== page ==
What insurance?

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Tte WSJ reports that the ISDA committee agreed unanimously that the insertion of collective action clauses and loss of over 50% of the value of the investment due to the ‘voluntary’ bond-swap did not trigger CDS payments.

There is only about 3.2bn in Greek Sov CDS left outstanding, so the narrow question is no longer of systemic importance.

Indeed the non-trigger may be the more systemic event.

Surely, this is exactly the type of event folks were insuring against when they purchased CDS. I suspect the cheapening of Portugese Govt bonds over the prior few days reflected an anticipation that the committee would not find default – and hence that Portugese Govt Bond positions were essentially uninsured, and uninsurable, despite CDS coverage.

Sovereign CDS is now a market in crisis.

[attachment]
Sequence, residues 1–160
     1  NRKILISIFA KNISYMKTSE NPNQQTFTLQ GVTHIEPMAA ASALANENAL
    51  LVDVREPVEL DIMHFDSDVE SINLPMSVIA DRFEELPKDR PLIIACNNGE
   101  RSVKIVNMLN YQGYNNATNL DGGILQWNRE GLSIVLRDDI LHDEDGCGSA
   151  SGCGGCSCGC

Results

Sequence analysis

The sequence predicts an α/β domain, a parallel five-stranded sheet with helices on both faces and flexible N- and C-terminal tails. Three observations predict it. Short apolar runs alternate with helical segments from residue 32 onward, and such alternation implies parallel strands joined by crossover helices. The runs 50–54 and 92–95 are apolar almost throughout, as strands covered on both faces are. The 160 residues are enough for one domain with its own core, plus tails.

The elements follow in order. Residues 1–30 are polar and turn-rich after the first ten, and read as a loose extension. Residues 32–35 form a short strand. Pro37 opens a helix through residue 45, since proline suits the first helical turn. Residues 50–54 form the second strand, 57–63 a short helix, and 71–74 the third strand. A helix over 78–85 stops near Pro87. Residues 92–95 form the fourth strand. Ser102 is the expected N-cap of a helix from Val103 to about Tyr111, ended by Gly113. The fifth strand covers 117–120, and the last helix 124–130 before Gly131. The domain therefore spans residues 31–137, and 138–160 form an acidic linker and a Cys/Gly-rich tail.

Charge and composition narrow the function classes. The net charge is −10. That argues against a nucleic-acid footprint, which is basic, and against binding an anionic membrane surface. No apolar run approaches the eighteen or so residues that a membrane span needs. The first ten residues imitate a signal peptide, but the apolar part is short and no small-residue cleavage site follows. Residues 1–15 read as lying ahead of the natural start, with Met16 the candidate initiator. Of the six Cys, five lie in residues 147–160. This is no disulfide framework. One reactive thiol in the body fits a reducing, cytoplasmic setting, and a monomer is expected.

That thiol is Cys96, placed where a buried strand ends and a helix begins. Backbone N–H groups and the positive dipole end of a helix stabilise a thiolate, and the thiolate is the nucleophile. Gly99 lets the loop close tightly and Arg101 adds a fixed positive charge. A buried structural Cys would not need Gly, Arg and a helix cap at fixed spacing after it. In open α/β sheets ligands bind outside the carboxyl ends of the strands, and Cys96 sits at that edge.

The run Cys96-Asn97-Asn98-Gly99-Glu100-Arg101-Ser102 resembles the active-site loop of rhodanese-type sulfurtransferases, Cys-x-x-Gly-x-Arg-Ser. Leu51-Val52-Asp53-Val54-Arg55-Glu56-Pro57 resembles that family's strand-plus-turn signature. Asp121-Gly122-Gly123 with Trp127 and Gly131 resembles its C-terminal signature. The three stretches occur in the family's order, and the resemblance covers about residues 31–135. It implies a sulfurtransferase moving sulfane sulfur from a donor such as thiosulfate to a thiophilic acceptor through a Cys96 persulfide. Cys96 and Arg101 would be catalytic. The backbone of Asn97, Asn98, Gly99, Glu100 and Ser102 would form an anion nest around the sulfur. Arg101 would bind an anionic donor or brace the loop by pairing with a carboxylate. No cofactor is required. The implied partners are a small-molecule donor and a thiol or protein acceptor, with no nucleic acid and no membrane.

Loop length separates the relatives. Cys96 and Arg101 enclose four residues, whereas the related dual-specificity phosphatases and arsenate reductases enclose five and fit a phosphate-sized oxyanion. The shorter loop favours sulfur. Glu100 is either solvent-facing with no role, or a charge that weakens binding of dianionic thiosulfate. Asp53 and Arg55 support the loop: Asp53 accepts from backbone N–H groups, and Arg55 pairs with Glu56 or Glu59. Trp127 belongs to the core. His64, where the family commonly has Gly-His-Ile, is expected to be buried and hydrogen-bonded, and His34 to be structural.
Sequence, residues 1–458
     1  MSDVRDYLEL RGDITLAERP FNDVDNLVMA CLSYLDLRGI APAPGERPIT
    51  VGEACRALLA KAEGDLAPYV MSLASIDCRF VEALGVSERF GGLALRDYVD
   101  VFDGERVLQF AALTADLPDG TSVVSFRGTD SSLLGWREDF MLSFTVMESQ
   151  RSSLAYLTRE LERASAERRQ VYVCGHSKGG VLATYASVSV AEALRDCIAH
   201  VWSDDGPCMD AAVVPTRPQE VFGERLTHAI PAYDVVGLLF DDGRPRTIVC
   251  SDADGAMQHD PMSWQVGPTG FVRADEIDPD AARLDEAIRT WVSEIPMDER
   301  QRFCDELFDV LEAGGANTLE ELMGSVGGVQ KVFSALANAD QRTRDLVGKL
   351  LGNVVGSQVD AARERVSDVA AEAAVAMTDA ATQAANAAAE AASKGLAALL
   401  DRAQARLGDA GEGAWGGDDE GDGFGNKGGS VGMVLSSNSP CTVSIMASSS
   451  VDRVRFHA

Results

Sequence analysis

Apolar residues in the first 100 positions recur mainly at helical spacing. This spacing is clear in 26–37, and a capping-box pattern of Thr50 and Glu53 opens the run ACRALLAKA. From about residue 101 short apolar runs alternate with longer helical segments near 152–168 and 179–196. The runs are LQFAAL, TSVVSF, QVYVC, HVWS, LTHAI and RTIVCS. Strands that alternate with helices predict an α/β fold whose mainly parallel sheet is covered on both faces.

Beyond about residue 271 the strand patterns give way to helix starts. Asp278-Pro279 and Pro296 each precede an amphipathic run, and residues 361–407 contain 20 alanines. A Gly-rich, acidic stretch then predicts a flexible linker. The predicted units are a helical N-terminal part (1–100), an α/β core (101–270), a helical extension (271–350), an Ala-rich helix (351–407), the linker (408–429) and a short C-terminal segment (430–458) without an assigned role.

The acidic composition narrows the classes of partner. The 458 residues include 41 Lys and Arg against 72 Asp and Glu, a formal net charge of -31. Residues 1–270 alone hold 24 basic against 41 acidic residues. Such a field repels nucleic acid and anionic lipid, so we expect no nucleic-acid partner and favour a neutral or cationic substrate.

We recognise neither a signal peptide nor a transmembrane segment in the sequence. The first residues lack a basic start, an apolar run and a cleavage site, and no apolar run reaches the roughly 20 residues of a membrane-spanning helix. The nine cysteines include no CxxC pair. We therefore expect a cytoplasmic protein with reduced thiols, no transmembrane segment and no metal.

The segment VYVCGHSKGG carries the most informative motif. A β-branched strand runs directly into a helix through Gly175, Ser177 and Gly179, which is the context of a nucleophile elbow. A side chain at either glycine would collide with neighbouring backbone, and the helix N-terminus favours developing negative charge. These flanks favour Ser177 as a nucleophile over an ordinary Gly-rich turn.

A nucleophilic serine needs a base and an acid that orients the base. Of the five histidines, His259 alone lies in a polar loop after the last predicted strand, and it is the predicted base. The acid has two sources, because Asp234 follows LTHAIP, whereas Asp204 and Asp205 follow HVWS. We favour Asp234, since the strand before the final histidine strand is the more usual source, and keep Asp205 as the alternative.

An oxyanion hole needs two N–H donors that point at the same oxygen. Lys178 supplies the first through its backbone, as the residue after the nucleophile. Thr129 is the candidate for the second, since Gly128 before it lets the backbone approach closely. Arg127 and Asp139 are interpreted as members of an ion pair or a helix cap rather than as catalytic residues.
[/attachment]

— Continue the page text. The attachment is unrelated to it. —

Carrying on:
1. I should think that the majority of the voters will take their medicine in the bond-swap, and do not have much interest in triggering the CDS.

      The 15 voters are:

      Bank of America Merrill Lynch Barclays Credit Suisse Deutsche Bank AG Goldman Sachs JPMorgan Chase Bank, N.A. Morgan Stanley UBS BNP Paribas Societe Generale Citadel Investment Group LLC D.E. Shaw Group BlueMountain Capital Elliott Management Corporation PIMCO

  1. “Non-trigger” is not an event, just a determination that no event has yet occurred. If and when the holdout bondholders fail to receive a payment when it’s due, the CDS will trigger and their insurance will work just fine. Those who intend to tender their bonds into the swap have long since sold their CDS at prices that imply default, so their insurance worked just fine too.

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